|Victorian-Era Stick Style: No More Disguise|
Published: Friday, 13 July 2007 22:19
Photo by Dennis Evanosky
This pair of Victorian-era cottages on Park Avenue reflects the Stick style with their squared bay windows and decorative barge boards.
In 1868, architects William Hoagland and John J. Newsom built an Italianate-style villa for Enoch Pardee at 11th and Castro streets in Oakland. Although they constructed the home using redwood, the architects wanted it to look as though they had built the home with stone. They added quoins to the sides of the structure and ordered carefully mixed paint to the texture of stone. One story says that Pardee himself supervised the mixing of the colors. He did not want his villa to look like it was made of wood. Pardee wanted the painters to produce a color that would belie the fine elegance of stone, even though his architects had not included a single one in their plans.
That same year, architect Henry Hobson Richardson took the opposite tack on the East Coast when he built a home for himself and his family at Arrochair on Staten Island. Unlike Hoagland and Newsom, Richardson clothed his home in clapboard, leaving no mistake that he had designed and built the family residence in wood. Richardson used wood with no attempt at disguise. In doing so, the renowned architect had tapped into Andrew Jackson Downing's philosophy of leaving wood unveiled and thus emphasizing what Vincent Scully calls its truth and reality.
"This (philosophy) was always given to structural and visual multiplication of the framing sticks," says Scully, who coined the term "Stick style" in his 1955 book The Shingle Style and the Stick Style.
In their time, these homes were called "modern" with words like Gothic, Swiss or English cottage used to describe the design inspiration. The Stick style grew from Downing's Picturesque Gothic ideals and flourished in house pattern books. Its proponents lauded the style's structural honesty. In A Field Guide to American Houses, Virginia and Lee McAlester point out, however, that "the applied stickwork, unlike true half-timbering, had no structural relation to the underlying balloon-frame construction."
The McAlesters identify three types of Shingle-style houses: gabled roof, towered and town house. Each of these types had appeared in Alameda by the mid-1880s, when this "modern" style had gained popularity. In 1885 Robert Smilie built a pair of gabled cottages on Park Avenue.
Photo by Dennis Evanosky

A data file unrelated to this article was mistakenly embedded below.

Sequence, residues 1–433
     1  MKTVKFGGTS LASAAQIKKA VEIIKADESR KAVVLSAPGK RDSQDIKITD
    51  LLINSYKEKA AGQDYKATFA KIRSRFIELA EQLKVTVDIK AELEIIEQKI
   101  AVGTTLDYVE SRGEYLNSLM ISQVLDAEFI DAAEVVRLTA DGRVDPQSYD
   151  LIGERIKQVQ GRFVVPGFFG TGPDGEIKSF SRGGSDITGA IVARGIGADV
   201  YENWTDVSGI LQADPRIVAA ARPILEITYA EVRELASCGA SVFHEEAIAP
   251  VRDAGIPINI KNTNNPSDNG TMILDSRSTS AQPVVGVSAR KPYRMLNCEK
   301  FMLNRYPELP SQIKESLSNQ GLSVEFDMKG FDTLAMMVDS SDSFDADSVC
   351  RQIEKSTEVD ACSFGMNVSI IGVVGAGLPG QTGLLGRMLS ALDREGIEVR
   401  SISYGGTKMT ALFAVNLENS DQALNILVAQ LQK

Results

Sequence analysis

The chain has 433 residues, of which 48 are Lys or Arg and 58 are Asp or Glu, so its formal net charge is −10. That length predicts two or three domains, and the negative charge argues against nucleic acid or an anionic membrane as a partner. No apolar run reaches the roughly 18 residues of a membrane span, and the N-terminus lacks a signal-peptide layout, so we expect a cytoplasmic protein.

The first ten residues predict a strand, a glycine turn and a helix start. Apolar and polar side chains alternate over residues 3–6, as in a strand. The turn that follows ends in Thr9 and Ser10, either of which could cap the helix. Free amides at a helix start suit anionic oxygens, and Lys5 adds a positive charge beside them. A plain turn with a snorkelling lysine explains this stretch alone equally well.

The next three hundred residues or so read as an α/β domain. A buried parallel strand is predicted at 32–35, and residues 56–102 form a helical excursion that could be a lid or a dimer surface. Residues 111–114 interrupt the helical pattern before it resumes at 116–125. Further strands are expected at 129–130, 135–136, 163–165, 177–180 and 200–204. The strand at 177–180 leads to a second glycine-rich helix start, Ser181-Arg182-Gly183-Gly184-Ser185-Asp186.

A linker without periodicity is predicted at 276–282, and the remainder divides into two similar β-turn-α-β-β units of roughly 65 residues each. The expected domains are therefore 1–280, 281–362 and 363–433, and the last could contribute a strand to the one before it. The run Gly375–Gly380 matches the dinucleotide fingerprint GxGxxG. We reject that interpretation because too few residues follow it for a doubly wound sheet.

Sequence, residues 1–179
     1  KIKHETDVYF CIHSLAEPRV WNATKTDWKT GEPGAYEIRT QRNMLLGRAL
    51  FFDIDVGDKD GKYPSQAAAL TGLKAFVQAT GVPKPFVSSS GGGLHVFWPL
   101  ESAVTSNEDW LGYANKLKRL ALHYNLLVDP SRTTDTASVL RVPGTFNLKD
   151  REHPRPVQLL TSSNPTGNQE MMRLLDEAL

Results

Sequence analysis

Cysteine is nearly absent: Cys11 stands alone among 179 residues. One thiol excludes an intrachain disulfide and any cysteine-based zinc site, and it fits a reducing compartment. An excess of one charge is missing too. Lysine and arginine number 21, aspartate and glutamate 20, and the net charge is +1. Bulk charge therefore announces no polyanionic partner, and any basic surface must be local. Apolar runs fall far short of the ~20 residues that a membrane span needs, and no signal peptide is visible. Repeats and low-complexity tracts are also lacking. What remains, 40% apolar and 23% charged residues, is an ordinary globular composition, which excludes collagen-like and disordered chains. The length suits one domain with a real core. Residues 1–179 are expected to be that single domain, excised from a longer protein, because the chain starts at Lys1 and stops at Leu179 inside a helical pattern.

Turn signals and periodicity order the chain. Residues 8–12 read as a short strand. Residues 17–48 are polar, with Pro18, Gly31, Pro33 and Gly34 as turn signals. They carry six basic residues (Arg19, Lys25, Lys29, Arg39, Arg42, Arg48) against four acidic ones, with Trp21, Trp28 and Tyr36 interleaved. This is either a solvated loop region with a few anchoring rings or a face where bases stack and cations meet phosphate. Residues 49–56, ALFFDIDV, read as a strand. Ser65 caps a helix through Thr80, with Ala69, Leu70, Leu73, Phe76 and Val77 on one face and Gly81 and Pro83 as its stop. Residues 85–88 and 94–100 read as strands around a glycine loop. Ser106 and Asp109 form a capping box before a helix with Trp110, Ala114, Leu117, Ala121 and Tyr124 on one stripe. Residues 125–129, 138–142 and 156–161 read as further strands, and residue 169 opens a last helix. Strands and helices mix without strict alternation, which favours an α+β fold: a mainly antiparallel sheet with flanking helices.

Robert Harvey built his Park Avenue home in the “modern” style adding squared bay windows and dressing the home in geometric ornaments. The gable’s fish-scale shingles anticipate the Queen Anne style.
Two years later, Robert Harvey built a two-story town house in the style just across the street.
In the year between San Francisco real estate nabob W. T. S. Ryer hired architect George A. Bordwell to design a towered villa in the new style on Pacific Avenue.
The McAlesters say that decorative detailing — evident on Alameda's Stick style homes — defines the style, whether with "characteristic multi-textured wall surfaces" or with "roof trusses whose stickwork faintly mimics the exposed members of medieval half-timbered houses." Unlike the wooden elements that builders of Italianate style home shaped to resemble stone, the Stick style builders shaped porch posts, brackets and other support beams square with beveled edges.
The Stick style's patterns and lines prevailed over the three-dimensional ornamentation found on Italianate-style buildings.
The Corinthian columns with their pronounced acanthus leaves were gone.
Fancy brackets beneath the cornice line gave way to plainer supports.
Stick-style homes featured hood siding; steep, gabled roofs; overhanging eaves; ornamental trusses; decorative braces and brackets; and decorative half-timbering.
Architects and builders dressed some Stick-style architecture using ideas borrowed from Queen Victoria's furniture designer Charles Eastlake. In the same year that Hoagland and Newsom designed the Pardee home and Hobson was busy building his family's home, Eastlake published Hints on Household Taste in Furniture, Upholstery, and Other Details.
In the book Eastlake favored hand-made furniture and decor or those made by machine workers who took personal pride in their work.
This book was so popular that it went through six editions in the next 11 years.
Manufacturers in the United States used Eastlake's drawings and ideas to make Eastlake Style or Cottage furniture.
Eastlake designed furniture with geometric ornaments, spindles, low relief carvings and incised lines. Eastlake felt that builders took his ideas beyond the pale when they applied his furniture designs to the exteriors of homes.
Robert Smilie included Eastlake sunbursts on his Park Avenue cottages; Robert Harvey also includes Eastlake designs on this town house home across the street.
Some refer to the Stick style as the Eastlake style. But other than lending his spindles, sunbursts, flowers, comets and other fanciful designs to both the Stick and Queen Anne styles, Eastlake had little to do with these architectural styles, however.
He often disavowed the use of his name to describe anything other than his own furniture designs.
Photo by Dennis Evanosky
Architect George A. Bordwell designed this Stick-style villa on Pacific Avenue for a San Francisco real estate mogul.
According to the McAlesters, the Stick style links the Gothic Revival with the Queen Anne style.
"All three styles are free adaptations of medieval English building traditions," the authors say.
Unlike the earlier Gothic Revival style, however, the Stick style "stressed the wall surfaces as a decorative element rather than as a plane."
This decorative element applied to the wall surfaces strongly influenced the Queen Anne style that replaced the Stick style.
The next two articles will discuss the gaudy Queen Anne style that defines Alameda's Victorian-era landscape.